34th Solar Physics Division Meeting, June 2003
Session 7 Photosphere and Chromosphere I
Poster, Monday, June 16, 2003, 3:30-5:00pm, Mezzanine

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[7.08] H\alpha Full Disk Observations of Chromospheric Differential Rotation

G. A. Smith, J. Varsik, J. Nenow, W. H. Marquette, H. Wang, C. Denker (NJIT/CFSR/BBSO)

We studied the solar chromospheric rotation profile using full-disk H\alpha images of the Sun obtained at the Big Bear Solar Observatory (BBSO). The method is based on Local Correlation Tracking (LCT). As a unique feature the entire full-disk image is used, i.~e., quiet sun as well as solar active regions, whereas most other methods rely on images of distinct individual features such as filaments, plages, and sunspots. Six months of H\alpha full-disk data sets from June to December 2001, which consists of 600 to 800 daily images at 30~s to 60~s cadence, have been processed and analyzed. The images were checked for a number of problems, including overexposure, underexposure, and skewed images. All images were normalized by having the solar disk recentered, the dark frame subtracted, and the limb darkening function calculated and subtracted from the image. The images are locally cross-correlated with each other to find the displacements between them. The angular velocities are projected onto the central meridian and a differential rotation profile is fitted to the data (either as Legendre polynomials or as polynomials in \sin2n\theta, \quad n=0,1, 2, \ldots, where \theta is the heliographic longitude). The currently used settings in the processing of the six months data were optimized for both accuracy and speed. A number of different parameters were experimented with, such as various grid sizes, grid spacing, sampling window sizes, weighing functions and also different implementations of cross-correlation algorithms, to find the best combination.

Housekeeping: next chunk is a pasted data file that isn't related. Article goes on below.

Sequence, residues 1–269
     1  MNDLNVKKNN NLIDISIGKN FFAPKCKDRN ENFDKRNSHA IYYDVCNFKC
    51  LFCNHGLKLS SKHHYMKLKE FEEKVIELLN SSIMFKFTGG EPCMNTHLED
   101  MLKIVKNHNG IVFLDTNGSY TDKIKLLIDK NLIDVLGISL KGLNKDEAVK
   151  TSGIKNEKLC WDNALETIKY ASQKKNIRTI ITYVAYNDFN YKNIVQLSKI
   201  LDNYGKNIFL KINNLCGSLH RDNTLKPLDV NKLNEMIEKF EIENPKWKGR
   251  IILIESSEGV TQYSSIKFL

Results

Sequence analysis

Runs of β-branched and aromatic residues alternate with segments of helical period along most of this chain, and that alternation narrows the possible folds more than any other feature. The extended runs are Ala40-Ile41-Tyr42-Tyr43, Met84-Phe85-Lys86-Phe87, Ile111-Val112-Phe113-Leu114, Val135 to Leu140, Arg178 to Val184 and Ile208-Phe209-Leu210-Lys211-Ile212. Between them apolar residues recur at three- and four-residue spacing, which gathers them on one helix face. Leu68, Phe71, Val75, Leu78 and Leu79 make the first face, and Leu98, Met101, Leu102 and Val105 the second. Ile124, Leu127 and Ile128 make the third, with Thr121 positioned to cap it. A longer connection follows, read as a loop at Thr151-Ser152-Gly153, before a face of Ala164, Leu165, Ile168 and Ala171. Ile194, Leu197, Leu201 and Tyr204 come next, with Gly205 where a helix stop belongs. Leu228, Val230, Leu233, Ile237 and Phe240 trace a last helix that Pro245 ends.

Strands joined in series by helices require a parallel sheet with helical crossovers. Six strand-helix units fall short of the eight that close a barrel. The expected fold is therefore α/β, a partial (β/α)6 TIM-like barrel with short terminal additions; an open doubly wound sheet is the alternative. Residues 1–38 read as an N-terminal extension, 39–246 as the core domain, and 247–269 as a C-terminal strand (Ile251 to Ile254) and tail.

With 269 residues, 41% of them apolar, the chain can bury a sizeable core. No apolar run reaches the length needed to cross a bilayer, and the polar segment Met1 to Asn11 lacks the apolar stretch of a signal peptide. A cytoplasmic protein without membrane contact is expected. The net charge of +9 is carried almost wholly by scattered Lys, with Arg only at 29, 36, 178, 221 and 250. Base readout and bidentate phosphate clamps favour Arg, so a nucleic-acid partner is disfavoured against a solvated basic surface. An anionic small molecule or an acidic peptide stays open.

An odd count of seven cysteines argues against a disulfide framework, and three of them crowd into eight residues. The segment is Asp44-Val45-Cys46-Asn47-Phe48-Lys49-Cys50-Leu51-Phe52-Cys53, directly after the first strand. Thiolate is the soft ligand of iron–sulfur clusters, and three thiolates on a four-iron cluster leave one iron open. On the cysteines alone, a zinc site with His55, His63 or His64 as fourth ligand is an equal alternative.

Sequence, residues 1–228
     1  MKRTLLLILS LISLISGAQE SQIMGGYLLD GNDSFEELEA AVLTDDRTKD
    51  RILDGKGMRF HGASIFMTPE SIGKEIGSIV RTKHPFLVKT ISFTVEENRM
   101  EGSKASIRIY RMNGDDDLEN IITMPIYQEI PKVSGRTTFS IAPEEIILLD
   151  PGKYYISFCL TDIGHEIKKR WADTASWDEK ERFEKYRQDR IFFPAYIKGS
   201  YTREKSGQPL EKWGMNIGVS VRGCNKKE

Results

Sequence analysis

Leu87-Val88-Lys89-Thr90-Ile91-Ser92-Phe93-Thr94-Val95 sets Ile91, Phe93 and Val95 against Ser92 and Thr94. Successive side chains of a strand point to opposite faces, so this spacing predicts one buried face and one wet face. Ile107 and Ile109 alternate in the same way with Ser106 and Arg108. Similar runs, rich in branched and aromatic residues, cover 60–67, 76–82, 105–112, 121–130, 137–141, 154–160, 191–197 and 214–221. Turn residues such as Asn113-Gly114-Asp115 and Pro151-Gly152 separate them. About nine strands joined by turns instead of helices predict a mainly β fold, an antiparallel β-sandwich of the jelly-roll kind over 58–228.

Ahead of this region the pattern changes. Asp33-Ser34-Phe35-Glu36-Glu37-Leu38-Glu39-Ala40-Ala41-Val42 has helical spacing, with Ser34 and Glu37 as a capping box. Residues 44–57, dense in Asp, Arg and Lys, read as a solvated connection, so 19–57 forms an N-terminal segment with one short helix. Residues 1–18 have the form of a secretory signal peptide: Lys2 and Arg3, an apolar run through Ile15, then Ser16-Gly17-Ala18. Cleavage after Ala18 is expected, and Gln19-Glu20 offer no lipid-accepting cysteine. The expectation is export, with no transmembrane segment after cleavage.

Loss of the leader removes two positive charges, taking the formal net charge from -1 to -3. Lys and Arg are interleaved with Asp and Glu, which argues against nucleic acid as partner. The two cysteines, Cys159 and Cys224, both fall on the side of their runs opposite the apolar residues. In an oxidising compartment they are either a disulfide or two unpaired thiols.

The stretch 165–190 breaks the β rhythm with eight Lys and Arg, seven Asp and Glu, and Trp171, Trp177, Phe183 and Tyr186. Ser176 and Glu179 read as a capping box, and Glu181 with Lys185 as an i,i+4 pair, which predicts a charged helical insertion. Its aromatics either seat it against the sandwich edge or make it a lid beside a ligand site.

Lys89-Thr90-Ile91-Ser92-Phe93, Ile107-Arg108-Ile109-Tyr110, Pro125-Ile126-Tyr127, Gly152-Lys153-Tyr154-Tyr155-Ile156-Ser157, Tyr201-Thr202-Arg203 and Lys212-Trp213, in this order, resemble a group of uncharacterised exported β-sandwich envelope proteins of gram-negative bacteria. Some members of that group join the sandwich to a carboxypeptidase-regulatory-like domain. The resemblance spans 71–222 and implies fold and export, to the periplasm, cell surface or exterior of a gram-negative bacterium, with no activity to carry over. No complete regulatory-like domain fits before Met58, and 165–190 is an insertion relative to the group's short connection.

This work was supported by NSF under grant ATM 00-86999, ATM 00-76602, and ATM 02-36945 and by NASA under grant NAG 5-9682.

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Bulletin of the American Astronomical Society, 35 #3
© 2003. The American Astronomical Soceity.